Get help when needed. If there’s one thing that should be added onto this list of tips for handling overstimulation at work, it’s asking for help when needed. Not all people are built equally; some have higher thresholds than others before feeling overwhelmed by stimulation around them. Also keep in mind that even though we’ve listed these tips under “handling overstimulation at work,” they’re applicable outside of the office as well!
Whether it’s having an intense conversation with friends or trying out a new exercise class while on vacation abroad—there may come a time where what works best doesn’t align with what seems logical based solely off its title (elevator music vs jazz club).
Practice calming skills before you leave for work in the morning
There are many ways to do this, but here are some examples:
- Meditate. If you haven’t tried meditation before, set a timer and spend 2-3 minutes focusing on your breath. Start by counting to 10 as you inhale and then exhale, but if that’s too challenging or doesn’t feel right for you, simply focus on breathing deeply without counting at all. This can help bring your body back into balance so it’s ready for whatever comes next during the day.
- Do a few stretches or yoga poses (see below). It’s fine if this isn’t something that works for everyone – just choose one stretch that feels good and give it a try! If stretching isn’t an option either because of time constraints or because they’re physically uncomfortable due to injuries/sore muscles/etc., other calming activities might include: guided imagery exercises; visualization exercises; practicing muscle relaxation techniques; listening to relaxing music through headphones while working (or any other form of distraction); or even just closing one’s eyes briefly every so often throughout the day when possible.*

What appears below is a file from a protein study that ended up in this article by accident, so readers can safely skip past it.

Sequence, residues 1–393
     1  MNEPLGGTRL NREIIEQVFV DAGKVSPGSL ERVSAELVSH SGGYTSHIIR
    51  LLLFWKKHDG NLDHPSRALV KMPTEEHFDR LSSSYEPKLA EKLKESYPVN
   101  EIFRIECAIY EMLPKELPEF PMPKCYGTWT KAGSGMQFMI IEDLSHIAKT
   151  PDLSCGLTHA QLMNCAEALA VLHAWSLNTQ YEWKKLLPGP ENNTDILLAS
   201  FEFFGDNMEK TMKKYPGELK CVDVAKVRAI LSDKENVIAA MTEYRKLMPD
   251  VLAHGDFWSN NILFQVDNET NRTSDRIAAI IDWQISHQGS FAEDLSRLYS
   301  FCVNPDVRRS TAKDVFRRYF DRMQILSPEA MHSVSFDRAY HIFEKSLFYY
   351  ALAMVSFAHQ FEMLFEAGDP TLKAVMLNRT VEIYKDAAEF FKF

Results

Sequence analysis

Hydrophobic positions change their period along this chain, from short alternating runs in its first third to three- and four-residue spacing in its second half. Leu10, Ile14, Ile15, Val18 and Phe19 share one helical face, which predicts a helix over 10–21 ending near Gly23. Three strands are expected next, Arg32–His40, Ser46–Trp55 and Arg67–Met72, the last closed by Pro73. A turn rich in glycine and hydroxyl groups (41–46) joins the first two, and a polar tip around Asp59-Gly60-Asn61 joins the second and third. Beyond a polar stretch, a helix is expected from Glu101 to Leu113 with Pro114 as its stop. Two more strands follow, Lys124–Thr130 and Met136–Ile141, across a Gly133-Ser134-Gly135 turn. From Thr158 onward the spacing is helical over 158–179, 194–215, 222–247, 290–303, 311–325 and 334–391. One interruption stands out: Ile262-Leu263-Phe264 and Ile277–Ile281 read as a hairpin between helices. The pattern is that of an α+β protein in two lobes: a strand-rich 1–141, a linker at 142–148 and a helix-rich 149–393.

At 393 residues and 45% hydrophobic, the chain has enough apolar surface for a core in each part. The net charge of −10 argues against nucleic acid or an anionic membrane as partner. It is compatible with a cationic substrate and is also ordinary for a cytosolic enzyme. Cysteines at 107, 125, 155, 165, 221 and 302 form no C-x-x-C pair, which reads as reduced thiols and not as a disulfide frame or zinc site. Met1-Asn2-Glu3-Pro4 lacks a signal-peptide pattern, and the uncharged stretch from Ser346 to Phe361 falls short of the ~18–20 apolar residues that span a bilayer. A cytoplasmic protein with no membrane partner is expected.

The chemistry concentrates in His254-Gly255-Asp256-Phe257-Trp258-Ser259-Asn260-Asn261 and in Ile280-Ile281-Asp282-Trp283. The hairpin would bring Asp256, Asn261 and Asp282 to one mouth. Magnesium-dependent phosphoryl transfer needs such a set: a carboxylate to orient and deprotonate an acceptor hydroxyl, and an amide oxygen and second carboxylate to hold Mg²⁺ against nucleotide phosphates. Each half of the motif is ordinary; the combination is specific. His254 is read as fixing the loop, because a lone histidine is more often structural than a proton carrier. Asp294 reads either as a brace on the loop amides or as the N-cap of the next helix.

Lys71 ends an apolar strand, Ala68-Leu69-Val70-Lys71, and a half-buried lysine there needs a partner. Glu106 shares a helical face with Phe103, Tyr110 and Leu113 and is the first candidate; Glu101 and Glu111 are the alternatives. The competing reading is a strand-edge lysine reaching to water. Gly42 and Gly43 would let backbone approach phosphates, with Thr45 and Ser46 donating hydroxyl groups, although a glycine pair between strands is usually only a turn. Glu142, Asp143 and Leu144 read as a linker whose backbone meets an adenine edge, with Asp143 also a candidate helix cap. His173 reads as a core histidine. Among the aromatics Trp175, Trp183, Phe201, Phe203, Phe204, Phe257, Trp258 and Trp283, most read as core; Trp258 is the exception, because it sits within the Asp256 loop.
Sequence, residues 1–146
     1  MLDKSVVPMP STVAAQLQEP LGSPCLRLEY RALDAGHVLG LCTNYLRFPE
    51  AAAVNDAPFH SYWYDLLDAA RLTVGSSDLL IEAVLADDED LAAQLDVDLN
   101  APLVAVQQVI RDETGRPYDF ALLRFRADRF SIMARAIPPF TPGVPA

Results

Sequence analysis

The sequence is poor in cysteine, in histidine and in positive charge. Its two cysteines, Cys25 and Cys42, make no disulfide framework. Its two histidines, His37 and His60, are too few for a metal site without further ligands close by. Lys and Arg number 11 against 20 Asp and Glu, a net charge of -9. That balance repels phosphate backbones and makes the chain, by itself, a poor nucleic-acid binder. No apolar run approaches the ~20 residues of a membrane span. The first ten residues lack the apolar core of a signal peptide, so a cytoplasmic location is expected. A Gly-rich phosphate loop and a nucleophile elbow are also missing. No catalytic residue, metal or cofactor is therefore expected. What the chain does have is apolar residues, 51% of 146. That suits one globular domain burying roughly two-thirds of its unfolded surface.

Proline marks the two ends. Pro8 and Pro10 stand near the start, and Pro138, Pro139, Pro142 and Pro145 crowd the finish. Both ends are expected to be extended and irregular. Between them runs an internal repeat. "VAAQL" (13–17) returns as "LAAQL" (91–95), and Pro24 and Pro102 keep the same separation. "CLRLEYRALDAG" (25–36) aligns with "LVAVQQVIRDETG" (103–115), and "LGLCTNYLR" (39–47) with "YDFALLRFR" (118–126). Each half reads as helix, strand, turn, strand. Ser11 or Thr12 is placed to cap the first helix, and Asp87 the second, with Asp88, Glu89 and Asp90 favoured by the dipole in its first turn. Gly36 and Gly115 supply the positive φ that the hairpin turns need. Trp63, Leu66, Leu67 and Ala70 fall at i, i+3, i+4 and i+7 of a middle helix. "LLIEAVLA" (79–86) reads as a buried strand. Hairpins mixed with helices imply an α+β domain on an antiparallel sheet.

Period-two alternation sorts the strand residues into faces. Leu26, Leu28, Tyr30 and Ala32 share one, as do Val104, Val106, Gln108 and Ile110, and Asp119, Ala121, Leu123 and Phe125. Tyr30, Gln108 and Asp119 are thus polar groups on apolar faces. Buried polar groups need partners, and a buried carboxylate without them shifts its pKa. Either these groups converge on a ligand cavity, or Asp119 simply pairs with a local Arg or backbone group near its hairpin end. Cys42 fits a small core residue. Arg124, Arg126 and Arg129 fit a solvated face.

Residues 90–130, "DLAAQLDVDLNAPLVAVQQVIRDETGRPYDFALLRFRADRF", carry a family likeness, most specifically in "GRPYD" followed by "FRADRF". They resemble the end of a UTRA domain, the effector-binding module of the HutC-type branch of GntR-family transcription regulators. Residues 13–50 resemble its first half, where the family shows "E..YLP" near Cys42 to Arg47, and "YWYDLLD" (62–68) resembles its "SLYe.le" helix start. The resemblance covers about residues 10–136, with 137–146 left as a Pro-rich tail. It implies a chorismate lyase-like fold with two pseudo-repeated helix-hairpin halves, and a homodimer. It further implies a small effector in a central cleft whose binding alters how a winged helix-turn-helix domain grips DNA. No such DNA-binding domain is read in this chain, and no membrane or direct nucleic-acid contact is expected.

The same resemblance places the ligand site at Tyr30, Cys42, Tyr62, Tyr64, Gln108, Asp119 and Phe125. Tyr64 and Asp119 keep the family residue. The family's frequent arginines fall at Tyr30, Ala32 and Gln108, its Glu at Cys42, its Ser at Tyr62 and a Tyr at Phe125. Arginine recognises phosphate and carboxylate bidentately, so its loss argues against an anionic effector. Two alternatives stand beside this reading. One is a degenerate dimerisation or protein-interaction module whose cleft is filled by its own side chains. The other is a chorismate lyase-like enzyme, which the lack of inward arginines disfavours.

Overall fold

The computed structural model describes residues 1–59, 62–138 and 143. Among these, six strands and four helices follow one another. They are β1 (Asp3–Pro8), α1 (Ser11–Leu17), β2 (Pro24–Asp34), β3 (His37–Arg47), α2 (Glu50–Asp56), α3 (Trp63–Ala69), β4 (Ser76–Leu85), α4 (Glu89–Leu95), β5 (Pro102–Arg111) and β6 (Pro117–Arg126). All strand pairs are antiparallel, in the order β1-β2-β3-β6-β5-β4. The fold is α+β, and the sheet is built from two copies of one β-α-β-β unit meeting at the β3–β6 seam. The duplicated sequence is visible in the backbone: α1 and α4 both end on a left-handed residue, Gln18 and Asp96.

A little bit of preparation can help you deal with stress overload at work.
Sometimes, you’re going to feel stressed out at work. There’s no way around it. Your boss is a jerk, your coworkers are all talking about you behind your back and your deadlines are coming up fast. It’s normal! However, if you find that stress is affecting your productivity and causing negative health effects (like stomach pains or headaches), it might be time for a change in routine.
Now that we’ve established that there will probably be times when things get overwhelming at work, let’s talk about how to prepare yourself for them ahead of time so they don’t hit as hard when they do come up. Here are five tips for handling workplace stress overload:
- Prepare mentally and physically before starting work each day: This sounds easy enough but lots of people forget this step! A little bit of preparation can go a long way towards helping you manage the stresses of office life with ease and gracefulness by making sure both body AND mind are ready for anything! Things like eating breakfast or taking some quick deep breaths before walking into the office can help reset both mind and body into an alert state so they’re ready to take on whatever comes their way throughout the day.”
If you’re finding yourself overwhelmed by stress at work, know that it’s not your fault. With so many demands on our time and attention in the office, it’s easy to feel like you’re drowning in a sea of demands. But with just a little bit of preparation and self-care, you can be better equipped to handle these situations – and hopefully reduce their frequency over time!